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Is Saudi Arabia Serious About Clemency for Women Activists?

HRW G20 Campaign Calls for Release of All Human Rights Defenders

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Saudi Arabia is hosting the premier forum for international economic cooperation in November 2020.

At the G20, leaders of the world’s largest and fastest-growing economies gather to discuss international issues.

Hosting the G20 is a mark of international prestige for the government of Crown Prince Mohammed bin Salman.

But it helps the Saudi government deflect from its image as a pervasive human rights violator and escape accountability for…

the government-sponsored murder of journalist Jamal Khashoggi…

the jailing of peaceful women activists who demanded basic rights…

and its leading role in a coalition committing war crimes in Yemen.

G20 countries should not let Saudi Arabia off the hook.

G20 leaders should press Saudi Arabia to released detained activists, cooperate with the UN investigators on Yemen, and allow an independent investigation into Khashoggi’s murder.

For more than two years, Saudi Arabia has locked up women’s rights activists who fought for – and won – women’s right to drive. But as the country is gearing up to virtually host the G20 World Leaders’ Summit November 21-22, it looks like the Saudi authorities are trying to change the narrative.

Today, the UK’s Guardian newspaper published a claim made by Saudi’s UK ambassador that a ‘debate’ is underway among officials about the women’s continued detention. However, this is not the first time the Saudi authorities have dangled the possibility of a pardon, suggesting that they may be seeking a pre-G20 public relations score with no intention of following through.


We won’t let Saudi leaders hide their grave human rights abuses behind the G20. Tweet at G20 leaders to hold their Saudi hosts accountable on human rights.


In the weeks before Saudi Arabia lifted the ban on women driving in June 2018, authorities launched a wave of arrests targeting women’s rights activists who had campaigned against the driving ban. Later in 2018, some of the detained women reported that Saudi interrogators tortured them, including with electric shocks and whippings, and had sexually harassed and assaulted them.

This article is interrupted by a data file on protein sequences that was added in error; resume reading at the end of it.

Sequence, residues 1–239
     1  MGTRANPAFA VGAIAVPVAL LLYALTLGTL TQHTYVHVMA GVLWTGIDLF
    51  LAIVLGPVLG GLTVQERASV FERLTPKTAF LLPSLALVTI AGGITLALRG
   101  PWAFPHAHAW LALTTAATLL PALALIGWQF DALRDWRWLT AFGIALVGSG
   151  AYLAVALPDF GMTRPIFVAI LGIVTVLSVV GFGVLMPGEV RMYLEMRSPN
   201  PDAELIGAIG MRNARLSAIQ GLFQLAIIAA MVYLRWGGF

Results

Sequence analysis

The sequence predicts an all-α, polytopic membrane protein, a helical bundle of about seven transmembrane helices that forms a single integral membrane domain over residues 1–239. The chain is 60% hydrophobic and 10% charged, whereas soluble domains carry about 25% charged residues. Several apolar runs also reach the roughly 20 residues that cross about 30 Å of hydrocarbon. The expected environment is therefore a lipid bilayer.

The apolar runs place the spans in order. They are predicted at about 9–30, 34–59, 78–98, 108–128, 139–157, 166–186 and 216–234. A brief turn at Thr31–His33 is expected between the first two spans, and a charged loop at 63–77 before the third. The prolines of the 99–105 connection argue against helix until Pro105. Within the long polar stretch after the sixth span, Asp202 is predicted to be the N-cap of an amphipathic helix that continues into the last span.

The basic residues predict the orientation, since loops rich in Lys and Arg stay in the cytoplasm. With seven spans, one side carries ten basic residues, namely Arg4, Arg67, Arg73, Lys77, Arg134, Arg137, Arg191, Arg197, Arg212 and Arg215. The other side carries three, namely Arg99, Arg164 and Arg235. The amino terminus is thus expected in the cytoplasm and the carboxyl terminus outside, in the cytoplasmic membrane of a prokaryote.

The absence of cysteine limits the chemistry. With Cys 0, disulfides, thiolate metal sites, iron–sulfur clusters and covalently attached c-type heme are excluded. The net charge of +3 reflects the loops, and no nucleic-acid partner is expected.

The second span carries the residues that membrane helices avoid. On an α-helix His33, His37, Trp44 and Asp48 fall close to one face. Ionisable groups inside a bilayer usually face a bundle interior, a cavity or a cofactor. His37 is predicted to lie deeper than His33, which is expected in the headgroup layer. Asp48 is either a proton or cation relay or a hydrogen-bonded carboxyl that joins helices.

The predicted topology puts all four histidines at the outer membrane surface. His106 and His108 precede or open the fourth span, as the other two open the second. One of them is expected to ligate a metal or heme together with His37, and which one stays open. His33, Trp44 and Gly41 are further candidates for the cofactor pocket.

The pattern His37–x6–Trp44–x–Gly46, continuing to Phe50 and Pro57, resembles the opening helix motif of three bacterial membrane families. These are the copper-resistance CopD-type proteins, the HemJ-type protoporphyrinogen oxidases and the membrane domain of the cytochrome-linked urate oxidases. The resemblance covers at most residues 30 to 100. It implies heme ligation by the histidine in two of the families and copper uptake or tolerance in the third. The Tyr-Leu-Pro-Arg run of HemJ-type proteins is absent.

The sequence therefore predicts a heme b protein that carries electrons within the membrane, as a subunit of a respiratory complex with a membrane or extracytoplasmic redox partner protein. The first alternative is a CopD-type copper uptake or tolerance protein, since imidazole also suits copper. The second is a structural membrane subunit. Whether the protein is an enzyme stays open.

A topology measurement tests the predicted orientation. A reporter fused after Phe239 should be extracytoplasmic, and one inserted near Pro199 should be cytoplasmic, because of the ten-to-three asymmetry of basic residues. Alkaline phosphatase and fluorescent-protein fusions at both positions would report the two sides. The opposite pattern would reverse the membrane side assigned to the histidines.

The charges facing the women are solely related to their activism – including for calling for the lifting of the driving ban, an end to the male guardianship system, and speaking with diplomats, international human rights organizations, and journalists.

While some were released, at least five women’s rights activists remain in detention, including Samar Badawi, Nassima al-Sadah, Nouf Abdelaziz, Mayaa al-Zahrani, and Loujain al-Hathloul, whose family said she went on hunger strike again from October 26 to protest her detention conditions.

The ambassador falsely told the Guardian that Saudi courts had found the women guilty of more than advocating the right to drive. In fact, none of the women have been convicted and their sham trials have been indefinitely suspended since mid-2019. Clemency or a pardon would suggest that the women are guilty of a crime but, in reality the authorities just need to unconditionally release them and drop the abusive charges.

Human Rights Watch is calling on governments around the world to call for the unconditional release of these women and other detained human rights defenders in Saudi Arabia.

You can join us in demanding that the Saudi authorities free these activists – just click here to make your voice heard.  As world leaders gather for the G20, now, more than ever, is the time to stand up for Saudi human rights defenders.

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